Staunton State Park Exploration

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Pikes Peak Through Trees

I recently drove up to the new Staunton State Park just past Conifer, Colorado. It’s an easy, fairly short drive from Denver, very close to where I used to live in Pine Junction, Colorado. As you can see from this Staunton State Park trail map there are a bunch of routes to chose from whether you prefer to hike, bike or horseback ride. The day started a little brisk with fog and mist in the mountain river valleys, but turned out quite warm considering it is November in Colorado.

Having never been in the park I chose to keep it simple and take the main Staunton Ranch trail through the heart of the park. I would then take a little balloon loop hiking a short way up the Marmot Passage trail close to the top of a ridge to the west, then head back along and down the ridge on Scout Line trail until it rejoined the Staunton Ranch trail I came in on.

Deer at the side of the trail

To begin my hike I parked at the park entrance and walked a very short way on the Davis Ponds trail alongside one of the park roads up to a very nice picnic area, then crossed the parking lot and road to the Staunton Ranch trail on the other side. Next time I’ll probably drive down to the Staunton Ranch trail head parking area, though that looks like it would add some distance to the already long hikes in the park.

Lion’s Head in Distance
Elevation Profile

As you can see by clicking on the Elevation Profile to the right, the route I took was a relatively gradual ascent and I had the park mostly to myself. I really saw no one except a few deer on my way in and a big crow or raven who seemed to follow me from the air for a while. Later in the day on my trip back I did encounter a few people and their canine friends here and there.

While the route I took was an easy grade, coming back on Scout Line trail (which was a hiker only trail) was pretty steep. I had a sandwich I had packed at the intersection of Marmot Passage and Scout Line trail on a crude log bench. Shortly after heading off down Scout Line I met a group of older men who had hiked up that trail and were surprised to see me as they had seen me leave the parking lot and figured I must have taken some short cut. I explained I had actually went a longer, but less steeper way. Next time I’ll probably will head up that trail as they did instead of taking it down. It would be more of a work out but a lot easier on the knees. The steep sections of Scout Line trail was the only place I would recommend hiking poles (which I had stupidly left in my car).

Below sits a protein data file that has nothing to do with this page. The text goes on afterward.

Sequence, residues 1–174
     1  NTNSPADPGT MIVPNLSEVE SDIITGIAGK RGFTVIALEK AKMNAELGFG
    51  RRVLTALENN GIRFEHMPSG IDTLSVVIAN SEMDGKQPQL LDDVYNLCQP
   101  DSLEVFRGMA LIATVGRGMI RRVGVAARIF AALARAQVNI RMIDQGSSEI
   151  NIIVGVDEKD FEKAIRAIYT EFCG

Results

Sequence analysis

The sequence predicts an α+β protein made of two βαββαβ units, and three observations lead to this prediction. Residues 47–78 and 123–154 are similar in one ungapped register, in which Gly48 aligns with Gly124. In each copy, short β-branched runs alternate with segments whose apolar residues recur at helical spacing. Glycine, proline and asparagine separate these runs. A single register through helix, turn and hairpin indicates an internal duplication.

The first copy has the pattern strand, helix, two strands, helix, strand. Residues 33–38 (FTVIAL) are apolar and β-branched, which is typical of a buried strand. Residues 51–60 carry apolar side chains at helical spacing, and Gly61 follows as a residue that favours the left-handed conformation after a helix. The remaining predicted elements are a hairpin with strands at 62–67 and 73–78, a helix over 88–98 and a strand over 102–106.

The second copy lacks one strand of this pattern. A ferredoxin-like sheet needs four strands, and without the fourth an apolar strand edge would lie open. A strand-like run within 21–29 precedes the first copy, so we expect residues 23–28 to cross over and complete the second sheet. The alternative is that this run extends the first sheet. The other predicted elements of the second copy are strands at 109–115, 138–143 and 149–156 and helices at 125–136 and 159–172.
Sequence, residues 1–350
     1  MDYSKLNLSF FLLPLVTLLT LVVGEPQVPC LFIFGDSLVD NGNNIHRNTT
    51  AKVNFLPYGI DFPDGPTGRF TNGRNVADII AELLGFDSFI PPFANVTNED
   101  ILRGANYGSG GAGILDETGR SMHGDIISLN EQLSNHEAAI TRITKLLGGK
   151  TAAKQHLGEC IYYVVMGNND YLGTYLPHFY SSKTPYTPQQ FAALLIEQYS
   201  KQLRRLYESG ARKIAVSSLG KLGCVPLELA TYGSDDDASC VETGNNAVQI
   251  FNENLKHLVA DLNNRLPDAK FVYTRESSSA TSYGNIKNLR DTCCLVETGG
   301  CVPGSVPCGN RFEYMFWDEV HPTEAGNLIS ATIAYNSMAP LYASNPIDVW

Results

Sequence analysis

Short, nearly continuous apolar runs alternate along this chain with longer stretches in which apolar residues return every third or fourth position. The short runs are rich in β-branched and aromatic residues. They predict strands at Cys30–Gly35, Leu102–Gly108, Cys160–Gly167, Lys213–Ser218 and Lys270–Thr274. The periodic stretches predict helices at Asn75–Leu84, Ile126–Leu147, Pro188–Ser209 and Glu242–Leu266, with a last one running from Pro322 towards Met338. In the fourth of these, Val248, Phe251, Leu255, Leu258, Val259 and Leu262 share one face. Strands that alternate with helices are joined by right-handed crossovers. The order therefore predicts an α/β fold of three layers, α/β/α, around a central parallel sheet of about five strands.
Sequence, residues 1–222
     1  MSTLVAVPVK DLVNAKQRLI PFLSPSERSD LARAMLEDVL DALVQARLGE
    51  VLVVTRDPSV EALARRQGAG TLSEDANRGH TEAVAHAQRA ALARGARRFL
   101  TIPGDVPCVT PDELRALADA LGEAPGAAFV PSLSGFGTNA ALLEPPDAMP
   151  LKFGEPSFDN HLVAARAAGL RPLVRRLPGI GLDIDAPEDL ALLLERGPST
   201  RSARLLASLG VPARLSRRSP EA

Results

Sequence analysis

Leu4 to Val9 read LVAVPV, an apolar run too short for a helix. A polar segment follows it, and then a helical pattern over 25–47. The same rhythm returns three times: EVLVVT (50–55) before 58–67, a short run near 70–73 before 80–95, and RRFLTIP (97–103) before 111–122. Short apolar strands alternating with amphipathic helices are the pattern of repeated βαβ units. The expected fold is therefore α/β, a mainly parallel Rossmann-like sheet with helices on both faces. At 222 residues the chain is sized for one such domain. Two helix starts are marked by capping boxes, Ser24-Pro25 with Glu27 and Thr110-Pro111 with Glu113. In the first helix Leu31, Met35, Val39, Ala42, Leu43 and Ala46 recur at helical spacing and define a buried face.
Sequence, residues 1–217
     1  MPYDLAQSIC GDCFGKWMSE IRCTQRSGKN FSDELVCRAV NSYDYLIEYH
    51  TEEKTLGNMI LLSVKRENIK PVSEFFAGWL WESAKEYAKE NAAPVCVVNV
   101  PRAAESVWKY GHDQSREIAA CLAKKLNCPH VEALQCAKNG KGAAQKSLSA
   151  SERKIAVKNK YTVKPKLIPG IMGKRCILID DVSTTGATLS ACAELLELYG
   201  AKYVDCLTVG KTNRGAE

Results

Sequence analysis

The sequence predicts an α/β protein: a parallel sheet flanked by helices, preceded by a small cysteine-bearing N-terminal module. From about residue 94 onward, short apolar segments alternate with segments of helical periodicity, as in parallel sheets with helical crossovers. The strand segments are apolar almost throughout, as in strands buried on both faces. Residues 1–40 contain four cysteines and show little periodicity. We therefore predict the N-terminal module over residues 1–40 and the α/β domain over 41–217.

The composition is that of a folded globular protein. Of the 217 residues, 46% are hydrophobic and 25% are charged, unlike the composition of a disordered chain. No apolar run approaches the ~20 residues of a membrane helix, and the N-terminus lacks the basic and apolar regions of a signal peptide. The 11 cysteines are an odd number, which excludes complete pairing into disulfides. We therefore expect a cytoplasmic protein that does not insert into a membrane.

Mountain in the Mist

View my Staunton State Park Hike in a larger map

Rocks & Trees

I ended up hiking 7.1 miles. Actual moving time was around 2 hours & 42 mins which was about 2.7 mph moving average. Total time was about 3.5 hrs and my hike had around 1017 feet Elevation Gain.

As I mentioned the next time I go I will probably try and and head up Scout Line right away, and then take Marmot Passage all the way to at least Elk Fall Ponds. From there depending on how wore out I am I might consider the Lion’s Back trail to the Elk Falls Overlook. Either way, after the steep trip up, I would probably take the longer but gentle grade back down and around the center of the valley, taking Bugling Elk trail to the end of Staunton Ranch trail and follow that the whole way back to the park entrance.

Lion’s Head from the East

On a separate trip I think I’ll take Staunton Ranch trail part way up to the Old Mill trail to check out the mill site, then back behind the eastern ridge on the long Mason Creek trail.

Staunton Park View

As you can see I took several photos on my hike. You can view the photos as a SLIDE SHOW, or click on any of the small photos in the article above to zoom them in a new tab or window.

At first I had my SLR camera in my pack so the first few were with taken with my cell phone. Those came out pretty poor due to my phone’s camera lens being very dirty at the time. It wasn’t too long until I pulled out my SLR and from now on these hikes I think I will keep it slung over my shoulder and clipped to my front hiking pack straps. The smartphone camera just does not have enough control, and with the SLR in the pack there is no way to use it without taking off the pack and digging around inside. I think I’ve come up with a way to attach my camera to my pack where its not too uncomfortable and if I need to “shoot from the hip” I can use it without too much fiddling.

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